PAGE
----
Everywhere I turn the debate about getting more women into British boardrooms continues. This week we learnt the government is building a team of allies to fight the EU’s proposed introduction of mandatory quotas. Last week BBC2 aired the second part of Dragons’ Den entrepreneur Hilary Devey’s investigation into why so few women reach the highest corporate levels.

The financial implications for UK businesses of failing to exploit the skills of highly trained women are well documented. Agreement on whose role it is to change the current situation less so. I’m wondering why so little of the debate is being conducted in the HR arena – particularly given that ours tends to be a predominantly female profession.

Hilary got it right when she identified work-life balance challenges as one of the biggest barriers to female progression. And no amount of mentoring, coaching or building up a woman’s self-esteem is going to change things while she’s still expected to play by old rules that define what it means to be a good mother and what it means to be a committed employee.

In my experience, the single biggest factor that persuades professional women to "off ramp" is an inability to see how they might demonstrate an appropriate commitment to their work while taking primary responsibility for their children. Indeed, research has confirmed the prevalence of continuing unconscious bias in the workplace which holds that working mothers are neither good parents nor good employees.

Tackling unconscious bias can prove difficult, but given that organisations are constantly adapting to change, addressing outmoded and ineffective working practices that stand in the way of women’s progress should be a little easier. Despite massive changes in the nature of work, and the way it can be done, organisational practices developed half a century ago often remain unchallenged. Deeply embedded into organisational cultures, they continue to propagate the myth that people must choose between a career or a balanced life.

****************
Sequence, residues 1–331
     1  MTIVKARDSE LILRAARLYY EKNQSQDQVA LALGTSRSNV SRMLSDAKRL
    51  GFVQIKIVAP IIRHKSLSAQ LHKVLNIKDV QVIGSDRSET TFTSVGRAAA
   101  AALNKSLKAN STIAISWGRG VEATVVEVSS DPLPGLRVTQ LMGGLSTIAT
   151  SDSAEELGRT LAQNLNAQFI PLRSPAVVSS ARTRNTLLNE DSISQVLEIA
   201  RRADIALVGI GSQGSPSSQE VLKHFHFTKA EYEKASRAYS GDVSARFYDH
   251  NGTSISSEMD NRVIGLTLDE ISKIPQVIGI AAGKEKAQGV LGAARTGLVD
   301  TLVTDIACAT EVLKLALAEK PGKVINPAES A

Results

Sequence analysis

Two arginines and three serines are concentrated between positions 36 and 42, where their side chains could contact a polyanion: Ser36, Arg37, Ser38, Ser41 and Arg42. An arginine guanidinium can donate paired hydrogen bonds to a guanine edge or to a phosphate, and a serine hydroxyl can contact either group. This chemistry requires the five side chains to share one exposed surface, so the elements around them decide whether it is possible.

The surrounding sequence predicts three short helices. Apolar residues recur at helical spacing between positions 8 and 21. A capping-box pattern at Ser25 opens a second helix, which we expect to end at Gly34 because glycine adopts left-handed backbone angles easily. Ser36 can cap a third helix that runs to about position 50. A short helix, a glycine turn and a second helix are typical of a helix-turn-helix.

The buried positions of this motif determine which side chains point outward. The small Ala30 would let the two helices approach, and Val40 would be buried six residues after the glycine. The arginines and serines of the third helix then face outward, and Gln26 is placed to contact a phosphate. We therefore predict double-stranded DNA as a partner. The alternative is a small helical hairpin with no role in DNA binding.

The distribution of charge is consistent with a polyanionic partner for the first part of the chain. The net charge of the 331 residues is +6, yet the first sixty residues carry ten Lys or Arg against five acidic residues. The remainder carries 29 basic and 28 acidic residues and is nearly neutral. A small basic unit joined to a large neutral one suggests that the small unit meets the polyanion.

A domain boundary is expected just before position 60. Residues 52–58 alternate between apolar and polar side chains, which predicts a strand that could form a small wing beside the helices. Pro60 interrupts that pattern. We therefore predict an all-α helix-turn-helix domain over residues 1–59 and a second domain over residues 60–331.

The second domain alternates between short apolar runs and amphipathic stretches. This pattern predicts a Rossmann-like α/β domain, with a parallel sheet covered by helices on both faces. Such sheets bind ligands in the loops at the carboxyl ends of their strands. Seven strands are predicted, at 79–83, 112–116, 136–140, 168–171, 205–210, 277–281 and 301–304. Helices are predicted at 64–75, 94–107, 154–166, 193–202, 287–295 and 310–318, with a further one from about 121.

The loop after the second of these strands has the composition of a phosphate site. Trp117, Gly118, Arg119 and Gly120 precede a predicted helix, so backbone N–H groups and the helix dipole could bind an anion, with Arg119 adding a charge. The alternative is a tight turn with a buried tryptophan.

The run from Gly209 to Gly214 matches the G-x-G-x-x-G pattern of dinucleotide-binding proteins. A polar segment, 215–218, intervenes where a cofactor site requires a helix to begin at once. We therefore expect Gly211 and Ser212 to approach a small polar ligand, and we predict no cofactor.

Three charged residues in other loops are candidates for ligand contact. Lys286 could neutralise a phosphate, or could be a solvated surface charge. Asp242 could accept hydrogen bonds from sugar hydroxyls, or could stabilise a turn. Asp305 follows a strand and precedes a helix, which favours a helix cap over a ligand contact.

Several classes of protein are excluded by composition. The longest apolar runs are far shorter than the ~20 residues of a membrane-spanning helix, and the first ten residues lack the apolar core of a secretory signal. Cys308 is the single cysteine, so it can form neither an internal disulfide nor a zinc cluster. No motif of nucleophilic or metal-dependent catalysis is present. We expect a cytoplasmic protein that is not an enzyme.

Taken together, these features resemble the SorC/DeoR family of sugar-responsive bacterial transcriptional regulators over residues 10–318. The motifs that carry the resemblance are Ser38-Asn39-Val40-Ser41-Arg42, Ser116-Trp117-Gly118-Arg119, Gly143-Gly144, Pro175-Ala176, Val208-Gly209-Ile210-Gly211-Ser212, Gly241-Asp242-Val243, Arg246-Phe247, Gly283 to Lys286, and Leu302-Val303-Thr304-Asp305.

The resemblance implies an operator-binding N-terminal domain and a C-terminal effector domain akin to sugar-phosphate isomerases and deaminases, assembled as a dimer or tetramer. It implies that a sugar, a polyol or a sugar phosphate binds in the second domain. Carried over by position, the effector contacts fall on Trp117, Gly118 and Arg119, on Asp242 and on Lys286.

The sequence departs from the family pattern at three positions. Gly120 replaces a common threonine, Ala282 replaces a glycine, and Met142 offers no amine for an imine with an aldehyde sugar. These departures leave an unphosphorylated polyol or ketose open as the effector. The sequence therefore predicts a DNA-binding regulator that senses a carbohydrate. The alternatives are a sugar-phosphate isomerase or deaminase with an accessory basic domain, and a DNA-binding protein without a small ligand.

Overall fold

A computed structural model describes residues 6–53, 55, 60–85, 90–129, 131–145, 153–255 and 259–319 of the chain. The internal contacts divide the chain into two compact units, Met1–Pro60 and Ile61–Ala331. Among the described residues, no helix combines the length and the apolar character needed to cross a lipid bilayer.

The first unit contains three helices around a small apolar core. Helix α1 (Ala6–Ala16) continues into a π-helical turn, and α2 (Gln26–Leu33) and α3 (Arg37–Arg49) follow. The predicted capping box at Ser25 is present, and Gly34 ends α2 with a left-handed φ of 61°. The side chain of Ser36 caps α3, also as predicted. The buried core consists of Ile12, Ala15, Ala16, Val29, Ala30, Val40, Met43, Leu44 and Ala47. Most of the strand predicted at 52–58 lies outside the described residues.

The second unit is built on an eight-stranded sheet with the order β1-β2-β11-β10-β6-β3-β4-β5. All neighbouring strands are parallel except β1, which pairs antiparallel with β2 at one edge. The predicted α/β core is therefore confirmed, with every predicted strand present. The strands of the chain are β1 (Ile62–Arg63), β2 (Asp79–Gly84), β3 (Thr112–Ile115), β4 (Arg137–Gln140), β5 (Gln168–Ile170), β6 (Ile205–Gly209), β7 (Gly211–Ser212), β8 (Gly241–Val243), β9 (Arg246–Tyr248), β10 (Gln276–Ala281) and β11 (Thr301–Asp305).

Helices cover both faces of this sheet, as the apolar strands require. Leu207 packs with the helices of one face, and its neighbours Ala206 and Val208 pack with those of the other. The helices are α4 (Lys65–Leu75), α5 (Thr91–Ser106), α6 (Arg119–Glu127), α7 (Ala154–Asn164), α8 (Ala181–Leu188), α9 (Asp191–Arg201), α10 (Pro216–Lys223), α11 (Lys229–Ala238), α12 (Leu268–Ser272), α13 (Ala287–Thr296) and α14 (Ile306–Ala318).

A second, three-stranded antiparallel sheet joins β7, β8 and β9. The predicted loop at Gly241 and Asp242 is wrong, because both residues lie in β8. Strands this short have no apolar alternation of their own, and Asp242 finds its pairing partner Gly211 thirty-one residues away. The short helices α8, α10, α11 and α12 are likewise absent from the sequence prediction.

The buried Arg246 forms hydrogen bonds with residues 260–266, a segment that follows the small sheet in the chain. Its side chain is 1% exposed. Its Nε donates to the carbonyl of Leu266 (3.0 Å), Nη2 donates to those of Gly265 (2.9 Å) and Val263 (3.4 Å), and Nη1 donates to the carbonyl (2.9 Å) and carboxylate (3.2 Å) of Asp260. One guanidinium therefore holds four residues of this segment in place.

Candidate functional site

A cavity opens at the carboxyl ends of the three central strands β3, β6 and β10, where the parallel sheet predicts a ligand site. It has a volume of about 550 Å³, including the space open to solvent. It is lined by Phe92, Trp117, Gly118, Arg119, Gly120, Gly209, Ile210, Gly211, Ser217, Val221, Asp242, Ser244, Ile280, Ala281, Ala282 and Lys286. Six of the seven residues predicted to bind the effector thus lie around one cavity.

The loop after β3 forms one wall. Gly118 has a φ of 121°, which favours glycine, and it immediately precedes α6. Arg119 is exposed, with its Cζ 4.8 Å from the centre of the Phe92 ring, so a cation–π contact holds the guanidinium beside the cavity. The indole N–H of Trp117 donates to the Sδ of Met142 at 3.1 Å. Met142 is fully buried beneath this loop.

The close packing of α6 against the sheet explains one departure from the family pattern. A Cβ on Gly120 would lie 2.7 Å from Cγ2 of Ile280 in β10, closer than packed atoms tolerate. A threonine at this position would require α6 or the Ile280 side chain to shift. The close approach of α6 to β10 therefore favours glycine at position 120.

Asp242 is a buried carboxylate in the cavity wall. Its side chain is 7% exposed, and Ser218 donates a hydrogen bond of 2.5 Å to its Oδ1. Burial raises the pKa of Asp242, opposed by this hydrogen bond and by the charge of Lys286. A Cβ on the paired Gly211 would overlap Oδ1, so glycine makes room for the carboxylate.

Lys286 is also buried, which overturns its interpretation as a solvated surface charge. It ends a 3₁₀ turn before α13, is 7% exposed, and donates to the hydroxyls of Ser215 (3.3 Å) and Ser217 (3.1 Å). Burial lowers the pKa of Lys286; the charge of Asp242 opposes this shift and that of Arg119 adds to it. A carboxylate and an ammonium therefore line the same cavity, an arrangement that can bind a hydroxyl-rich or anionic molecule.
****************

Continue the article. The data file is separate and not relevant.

Perhaps the fault lies with the mistaken belief that in our turbulent economic times focusing on work-life balance is a luxury. Nothing could be further from the truth. Research evidence accumulated over the last thirty years confirms that good work-life balance supports good physical and mental health; and leads to more commitment and stronger engagement at work. How can we even begin to talk about sustainable organisations unless we look at sustaining the people that comprise them? What’s more, the evidence suggests that Generation X – those in the 35 to 50 age group poised to take over the reins of control in organisations – are looking for better balance than their Baby Boomer parents. This is true of both sexes.

In recent months I’ve come across a number of discussions on HR social networking sites around the question of why it’s so difficult to combine motherhood and work. Often driven by self-interest, contributors have predominantly been women facing the challenge themselves. The irony here is that we in the HR profession have the skills to change things, rather than spending time in endless discussion. Perhaps, as Elvis might once have said, it’s time for "a little less conversation, a little more action."

Monday 24th September marks the start of this year’s Work-Life Balance Week. What will you be doing to move the agenda forward?

Anna Meller